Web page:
Between the beautiful mountains and long fjords of Northern Norway, you will find Narvik, a town with around 15,000 citizens. The town rose to notoriety, securing it’s place in history during the Second World War, later becoming a popular diving spot.
Narvik became a very strategic location for Churchill and Hitler because of the ice-free harbor where the Allies and the Germans transported iron from Kiruna, Sweden. However, one cold day in beginning of April 1940, destroyers from the Germans Navy sailed into Narvik harbour, attacking two Norwegian costal-defense ships – the PS Norge and PS Eidsvold. This was the beginning of a heavy three-day sea battle between Allied forces led by the British Navy against the Germans.
During this encounter the Allies sunk or damaged all of the 10 German destroyers which were planned to be used by the Germans in an attack against Great Britain later that same year. In the following months the Allied Forces managed to regain control over Narvik, with 28th May 1940 being the dated as the first recorded loss for Germany during the Second World War. After a short amount of time, the Allies had to give up Narvik due to the German invasion in France. The Allied Forces took with them what they had learned from this campaign to the D-Day battle in Normandy 1944. The attacks lasted for 60 days with more than 60 different types of ships sunk, including supply boats, coastal-defence ships and destroyers.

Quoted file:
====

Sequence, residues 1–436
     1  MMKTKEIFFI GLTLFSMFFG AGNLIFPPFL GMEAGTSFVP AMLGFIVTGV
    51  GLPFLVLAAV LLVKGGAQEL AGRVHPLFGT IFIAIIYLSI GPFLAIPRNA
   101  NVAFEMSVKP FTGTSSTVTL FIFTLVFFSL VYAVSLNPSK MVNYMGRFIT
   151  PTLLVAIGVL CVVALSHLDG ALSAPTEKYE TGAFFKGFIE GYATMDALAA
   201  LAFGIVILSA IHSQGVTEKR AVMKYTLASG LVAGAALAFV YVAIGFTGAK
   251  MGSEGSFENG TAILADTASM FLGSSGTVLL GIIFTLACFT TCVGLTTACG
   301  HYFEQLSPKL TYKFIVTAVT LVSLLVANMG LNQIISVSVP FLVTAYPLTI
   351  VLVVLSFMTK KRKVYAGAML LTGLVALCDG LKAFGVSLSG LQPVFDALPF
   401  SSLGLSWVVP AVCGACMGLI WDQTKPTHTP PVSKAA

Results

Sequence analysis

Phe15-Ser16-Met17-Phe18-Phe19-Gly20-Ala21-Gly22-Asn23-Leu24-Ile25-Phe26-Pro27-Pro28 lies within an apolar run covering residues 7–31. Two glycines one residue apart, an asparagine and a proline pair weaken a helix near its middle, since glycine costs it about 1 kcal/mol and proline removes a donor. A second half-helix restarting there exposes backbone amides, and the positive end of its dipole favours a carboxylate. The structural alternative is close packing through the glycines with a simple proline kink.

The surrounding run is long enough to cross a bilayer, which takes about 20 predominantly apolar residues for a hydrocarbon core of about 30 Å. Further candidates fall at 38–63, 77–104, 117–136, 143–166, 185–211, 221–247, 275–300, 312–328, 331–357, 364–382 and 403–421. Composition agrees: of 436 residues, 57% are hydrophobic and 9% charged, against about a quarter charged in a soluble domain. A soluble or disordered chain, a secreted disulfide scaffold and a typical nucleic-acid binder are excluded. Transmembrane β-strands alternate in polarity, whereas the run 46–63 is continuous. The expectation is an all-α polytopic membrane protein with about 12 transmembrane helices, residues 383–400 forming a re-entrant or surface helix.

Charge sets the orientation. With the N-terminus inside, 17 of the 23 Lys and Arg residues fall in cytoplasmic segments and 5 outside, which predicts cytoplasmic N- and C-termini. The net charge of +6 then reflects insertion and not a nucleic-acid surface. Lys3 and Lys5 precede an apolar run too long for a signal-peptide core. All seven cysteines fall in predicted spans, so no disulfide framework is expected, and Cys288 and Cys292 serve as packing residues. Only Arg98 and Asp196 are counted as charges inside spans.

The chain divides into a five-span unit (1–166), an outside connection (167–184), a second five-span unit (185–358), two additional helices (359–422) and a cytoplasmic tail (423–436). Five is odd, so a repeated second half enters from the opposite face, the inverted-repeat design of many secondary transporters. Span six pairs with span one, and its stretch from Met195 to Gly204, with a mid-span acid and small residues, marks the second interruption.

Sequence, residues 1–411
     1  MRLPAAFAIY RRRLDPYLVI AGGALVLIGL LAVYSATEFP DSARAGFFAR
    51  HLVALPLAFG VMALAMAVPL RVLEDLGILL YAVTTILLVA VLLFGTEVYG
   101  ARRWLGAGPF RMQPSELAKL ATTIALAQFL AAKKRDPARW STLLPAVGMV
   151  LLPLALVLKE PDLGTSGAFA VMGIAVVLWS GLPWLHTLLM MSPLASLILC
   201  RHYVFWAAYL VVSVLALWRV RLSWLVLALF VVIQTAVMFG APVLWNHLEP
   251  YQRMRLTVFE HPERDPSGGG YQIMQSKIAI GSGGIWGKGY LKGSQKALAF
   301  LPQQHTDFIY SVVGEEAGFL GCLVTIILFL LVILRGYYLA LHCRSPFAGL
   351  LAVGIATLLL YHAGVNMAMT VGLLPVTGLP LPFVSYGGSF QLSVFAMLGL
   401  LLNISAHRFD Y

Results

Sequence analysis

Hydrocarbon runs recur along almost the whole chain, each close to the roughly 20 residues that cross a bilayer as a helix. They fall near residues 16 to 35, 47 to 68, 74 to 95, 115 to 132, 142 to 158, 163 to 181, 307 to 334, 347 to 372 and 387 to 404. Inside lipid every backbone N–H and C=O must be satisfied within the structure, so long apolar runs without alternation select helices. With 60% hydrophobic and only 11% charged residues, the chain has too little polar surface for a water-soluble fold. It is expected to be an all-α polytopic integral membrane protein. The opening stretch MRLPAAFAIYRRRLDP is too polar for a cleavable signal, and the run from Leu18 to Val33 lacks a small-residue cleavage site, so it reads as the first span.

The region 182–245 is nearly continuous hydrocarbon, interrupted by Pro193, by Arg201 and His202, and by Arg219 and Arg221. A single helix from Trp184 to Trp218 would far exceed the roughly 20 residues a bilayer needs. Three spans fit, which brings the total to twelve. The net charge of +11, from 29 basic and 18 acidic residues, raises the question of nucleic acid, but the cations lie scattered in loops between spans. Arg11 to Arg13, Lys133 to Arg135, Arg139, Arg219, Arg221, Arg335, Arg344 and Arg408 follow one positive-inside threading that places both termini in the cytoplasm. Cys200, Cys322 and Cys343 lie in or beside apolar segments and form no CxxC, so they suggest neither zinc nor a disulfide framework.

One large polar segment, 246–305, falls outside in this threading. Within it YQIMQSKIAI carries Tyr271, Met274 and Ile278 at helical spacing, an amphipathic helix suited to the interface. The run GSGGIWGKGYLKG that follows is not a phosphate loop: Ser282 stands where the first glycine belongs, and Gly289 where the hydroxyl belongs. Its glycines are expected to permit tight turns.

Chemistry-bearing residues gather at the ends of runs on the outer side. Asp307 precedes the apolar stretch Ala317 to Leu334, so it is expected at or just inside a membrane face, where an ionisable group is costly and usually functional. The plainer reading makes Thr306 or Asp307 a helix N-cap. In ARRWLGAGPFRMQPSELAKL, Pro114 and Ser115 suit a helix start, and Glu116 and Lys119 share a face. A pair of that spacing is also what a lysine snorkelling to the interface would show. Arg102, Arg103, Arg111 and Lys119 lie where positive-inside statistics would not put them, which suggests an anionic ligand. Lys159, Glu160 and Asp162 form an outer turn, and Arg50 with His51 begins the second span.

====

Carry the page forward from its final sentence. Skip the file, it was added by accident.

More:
Popular diving spot
Due to the number of the wrecks at bottom of Ofotfjorden, Narvik have became a popular diving spot for scuba divers from all around the world. The Norwegian costal defence ship PS Norge and several warships from Germany, including the Jager Z2 Georg Thiele are amoungst the most popular exploration sites for divers in Narvik. It’s not only shipwrecks that you’ll find at the bottom of the harbour. Travel a further 15 minutes to Rombaksbrua and you can explore the Dornier 26 Seeadler, a water aircraft. So, if you would like to explore the scenic aftermath of one of the most dramatic events during the Second World War, Narvik is definitely a place to consider.
To commemorate the 75th anniversary of the dramatic event in Narvik 1940, Visit Narvik, Narvik War Museum and Expedia Norway have created an interactive infographic about the history of what took place in the town. It also provides interesting pictures of the wrecks taken by underwater photographer Frank Bank and a map over all the wrecks and where they are located.
Although three of the German destroyers were moved in the 1960s to clear shipping lanes, most of the shipwrecks remain at the bottom of Ofotfjord. As a result, Narvik has become a popular destination for scuba divers from all over the world, as they get to explore the unique history of the fjord and its involvement in the war. In addition, in 2014 the Norwegian government removed the ban on diving in and around the two Norwegian ships Norge and the Eidsvold.
Words by Steve Nortwood and Photos by Frank Bang and Narviksenteret